944. Books on the history of France
Edmund Burke Reflections on the Revolution in France, 1790.
Anglo-Irish statesman, philosopher, and political theorist Edmund Burke supported the American Revolution but vehemently opposed the French Revolution. In this work, a classic of political philosophy, he writes about why the French Revolution was different and why effective management during change is crucial to success.
Piu Marie Eatwell They Eat Horses, Don’t They? The Truth about the French, 2014.
After spending a lot of time living in France, as the Native French do, Piu Marie Eatwell sets out to correct forty-five common myths about French society. While enlightening us on the mysterious French, she reveals instances where the truth is stranger than fiction.
Johan Huizinga The Waning of the Middle Ages, 1919.
Dutch historian Johan Huizing writes this classic look at art, life, and thought in the Netherlands and France in the 14th and 15th centuries. In it, he asserts that the fall of chivalry and the events of the late medieval period were natural progressions from what happened before.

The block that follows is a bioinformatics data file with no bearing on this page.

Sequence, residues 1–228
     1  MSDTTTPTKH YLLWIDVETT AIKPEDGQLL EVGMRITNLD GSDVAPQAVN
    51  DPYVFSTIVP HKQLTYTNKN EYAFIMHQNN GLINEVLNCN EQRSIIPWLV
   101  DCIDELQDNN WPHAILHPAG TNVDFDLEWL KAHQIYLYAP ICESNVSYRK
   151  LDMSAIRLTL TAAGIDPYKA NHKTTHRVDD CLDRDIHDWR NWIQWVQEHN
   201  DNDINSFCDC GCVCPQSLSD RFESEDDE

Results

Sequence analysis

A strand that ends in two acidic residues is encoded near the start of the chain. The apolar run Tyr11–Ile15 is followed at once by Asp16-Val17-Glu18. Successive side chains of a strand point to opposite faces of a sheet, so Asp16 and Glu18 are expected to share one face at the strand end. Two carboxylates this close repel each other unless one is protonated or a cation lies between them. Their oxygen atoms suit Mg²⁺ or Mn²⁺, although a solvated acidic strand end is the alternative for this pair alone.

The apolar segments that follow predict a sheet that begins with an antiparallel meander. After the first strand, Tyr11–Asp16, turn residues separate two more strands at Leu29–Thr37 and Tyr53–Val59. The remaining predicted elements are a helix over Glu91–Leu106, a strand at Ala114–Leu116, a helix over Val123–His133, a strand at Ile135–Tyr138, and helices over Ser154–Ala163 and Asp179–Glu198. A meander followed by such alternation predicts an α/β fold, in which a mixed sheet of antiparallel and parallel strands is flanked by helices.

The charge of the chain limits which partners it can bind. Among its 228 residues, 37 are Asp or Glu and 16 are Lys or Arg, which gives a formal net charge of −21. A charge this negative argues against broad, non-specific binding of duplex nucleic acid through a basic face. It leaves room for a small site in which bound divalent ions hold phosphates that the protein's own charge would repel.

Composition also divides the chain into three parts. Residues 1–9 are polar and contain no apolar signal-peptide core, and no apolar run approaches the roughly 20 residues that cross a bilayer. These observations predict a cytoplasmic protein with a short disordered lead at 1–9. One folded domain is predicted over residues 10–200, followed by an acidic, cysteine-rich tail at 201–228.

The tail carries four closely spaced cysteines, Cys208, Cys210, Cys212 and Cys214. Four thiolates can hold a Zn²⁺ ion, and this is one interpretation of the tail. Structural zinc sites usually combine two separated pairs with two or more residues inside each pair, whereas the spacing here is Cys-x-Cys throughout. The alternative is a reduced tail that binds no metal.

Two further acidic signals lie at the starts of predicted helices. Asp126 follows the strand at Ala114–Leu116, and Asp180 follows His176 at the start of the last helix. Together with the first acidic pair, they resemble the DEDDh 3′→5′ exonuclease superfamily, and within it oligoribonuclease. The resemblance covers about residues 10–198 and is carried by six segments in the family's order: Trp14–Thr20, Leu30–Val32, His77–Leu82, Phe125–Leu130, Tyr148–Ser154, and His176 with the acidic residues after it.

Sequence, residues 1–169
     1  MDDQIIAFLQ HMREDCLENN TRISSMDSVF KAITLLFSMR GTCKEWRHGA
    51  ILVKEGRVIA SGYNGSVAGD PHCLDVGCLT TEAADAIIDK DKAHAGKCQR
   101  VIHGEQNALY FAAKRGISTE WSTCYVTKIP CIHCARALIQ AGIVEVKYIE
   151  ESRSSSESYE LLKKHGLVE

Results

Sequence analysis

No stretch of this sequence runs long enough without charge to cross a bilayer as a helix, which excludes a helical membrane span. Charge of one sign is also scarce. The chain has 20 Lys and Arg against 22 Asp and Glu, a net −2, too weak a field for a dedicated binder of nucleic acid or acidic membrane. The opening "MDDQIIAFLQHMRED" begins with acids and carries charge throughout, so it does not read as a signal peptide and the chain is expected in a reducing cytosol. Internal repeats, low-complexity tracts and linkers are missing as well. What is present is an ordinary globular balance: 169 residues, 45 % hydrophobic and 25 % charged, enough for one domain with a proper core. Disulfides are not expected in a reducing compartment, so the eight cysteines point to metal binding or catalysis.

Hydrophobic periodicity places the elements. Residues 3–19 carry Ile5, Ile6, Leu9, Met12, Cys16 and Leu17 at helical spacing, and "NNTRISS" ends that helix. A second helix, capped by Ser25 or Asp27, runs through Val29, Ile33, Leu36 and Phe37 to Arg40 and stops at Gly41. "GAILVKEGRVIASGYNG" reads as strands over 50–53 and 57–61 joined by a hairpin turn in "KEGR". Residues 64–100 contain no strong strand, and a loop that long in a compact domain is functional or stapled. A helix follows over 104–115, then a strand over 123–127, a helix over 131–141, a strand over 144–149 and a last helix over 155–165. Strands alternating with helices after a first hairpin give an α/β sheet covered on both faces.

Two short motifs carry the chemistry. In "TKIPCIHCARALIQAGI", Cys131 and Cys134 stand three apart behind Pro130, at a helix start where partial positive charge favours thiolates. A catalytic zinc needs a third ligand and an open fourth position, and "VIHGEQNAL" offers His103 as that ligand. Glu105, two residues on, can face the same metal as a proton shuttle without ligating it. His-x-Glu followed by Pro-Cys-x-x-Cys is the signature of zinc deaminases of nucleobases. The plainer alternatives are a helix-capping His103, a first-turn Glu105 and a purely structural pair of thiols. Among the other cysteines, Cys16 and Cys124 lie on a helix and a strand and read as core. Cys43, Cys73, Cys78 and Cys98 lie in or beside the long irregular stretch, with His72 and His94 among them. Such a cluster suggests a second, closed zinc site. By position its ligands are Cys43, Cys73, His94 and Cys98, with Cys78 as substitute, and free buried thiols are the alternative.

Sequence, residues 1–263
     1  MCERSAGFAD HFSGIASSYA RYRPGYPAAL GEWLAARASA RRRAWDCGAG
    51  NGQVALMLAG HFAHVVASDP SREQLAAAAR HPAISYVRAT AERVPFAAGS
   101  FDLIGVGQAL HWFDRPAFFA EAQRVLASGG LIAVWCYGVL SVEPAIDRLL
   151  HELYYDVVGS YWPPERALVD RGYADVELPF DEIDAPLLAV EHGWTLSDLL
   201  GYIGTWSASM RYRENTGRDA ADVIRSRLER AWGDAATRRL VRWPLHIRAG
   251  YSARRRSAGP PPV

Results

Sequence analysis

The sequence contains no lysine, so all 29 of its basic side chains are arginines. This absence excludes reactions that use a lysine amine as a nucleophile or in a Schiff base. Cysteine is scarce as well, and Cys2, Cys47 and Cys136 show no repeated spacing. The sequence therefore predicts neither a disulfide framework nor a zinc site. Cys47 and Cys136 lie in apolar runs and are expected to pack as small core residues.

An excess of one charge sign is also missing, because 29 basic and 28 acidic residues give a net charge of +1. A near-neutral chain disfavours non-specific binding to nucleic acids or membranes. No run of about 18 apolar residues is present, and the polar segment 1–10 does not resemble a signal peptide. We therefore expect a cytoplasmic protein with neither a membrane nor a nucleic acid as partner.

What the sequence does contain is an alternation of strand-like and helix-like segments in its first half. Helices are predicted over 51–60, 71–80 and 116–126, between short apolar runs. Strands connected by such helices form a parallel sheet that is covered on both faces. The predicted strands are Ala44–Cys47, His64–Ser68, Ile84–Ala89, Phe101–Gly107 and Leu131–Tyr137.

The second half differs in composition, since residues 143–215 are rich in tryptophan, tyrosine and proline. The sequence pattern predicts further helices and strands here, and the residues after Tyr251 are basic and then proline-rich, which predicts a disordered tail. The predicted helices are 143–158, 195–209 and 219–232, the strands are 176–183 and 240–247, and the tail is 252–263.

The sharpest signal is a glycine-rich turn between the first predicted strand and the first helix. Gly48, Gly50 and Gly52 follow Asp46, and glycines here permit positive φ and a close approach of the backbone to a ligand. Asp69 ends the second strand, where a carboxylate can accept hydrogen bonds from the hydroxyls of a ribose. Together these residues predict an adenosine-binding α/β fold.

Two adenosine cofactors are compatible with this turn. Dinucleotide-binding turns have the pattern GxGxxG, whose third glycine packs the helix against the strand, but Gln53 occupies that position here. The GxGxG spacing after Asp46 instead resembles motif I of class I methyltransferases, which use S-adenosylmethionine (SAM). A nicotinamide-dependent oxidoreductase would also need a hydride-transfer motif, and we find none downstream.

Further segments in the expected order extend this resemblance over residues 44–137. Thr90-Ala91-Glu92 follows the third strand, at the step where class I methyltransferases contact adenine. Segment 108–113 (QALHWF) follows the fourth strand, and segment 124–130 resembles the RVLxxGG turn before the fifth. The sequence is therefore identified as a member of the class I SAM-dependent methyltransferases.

Eric Jager Blood Royal: A True Story of Crime and Detection in Medieval Paris, 2014.
One of the world’s first crime detectives, Guillaume de Tignonville, served as Paris’s chief law enforcement officer when Louis of Orleans was murdered in 1407. The crime was an emergency because Louis often served as leader of France in place of his insane brother King Charles. And when de Tigonville started investigating the crime, he discovered a more dangerous conspiracy than anyone could have imagined.
Graham Robb Parisians: An Adventure History of Paris, 2010.
In telling the story of famous Parisians through little-known stories, Graham Robb provides a history of the city itself from a previously unseen angle.
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